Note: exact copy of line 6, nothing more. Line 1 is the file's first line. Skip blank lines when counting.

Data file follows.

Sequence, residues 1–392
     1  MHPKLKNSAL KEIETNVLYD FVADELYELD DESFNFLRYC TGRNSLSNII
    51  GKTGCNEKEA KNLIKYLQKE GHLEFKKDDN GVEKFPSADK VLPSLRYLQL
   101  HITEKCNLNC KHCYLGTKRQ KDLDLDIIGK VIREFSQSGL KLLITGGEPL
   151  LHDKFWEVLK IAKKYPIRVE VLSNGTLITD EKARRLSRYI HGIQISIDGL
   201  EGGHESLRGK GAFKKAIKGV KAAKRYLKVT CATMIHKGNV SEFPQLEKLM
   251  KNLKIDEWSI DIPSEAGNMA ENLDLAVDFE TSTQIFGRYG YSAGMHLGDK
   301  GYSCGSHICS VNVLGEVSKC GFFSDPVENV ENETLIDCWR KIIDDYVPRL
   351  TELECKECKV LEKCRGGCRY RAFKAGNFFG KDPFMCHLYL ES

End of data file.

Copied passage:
   201  EGGHESLRGK GAFKKAIKGV KAAKRYLKVT CATMIHKGNV SEFPQLEKLM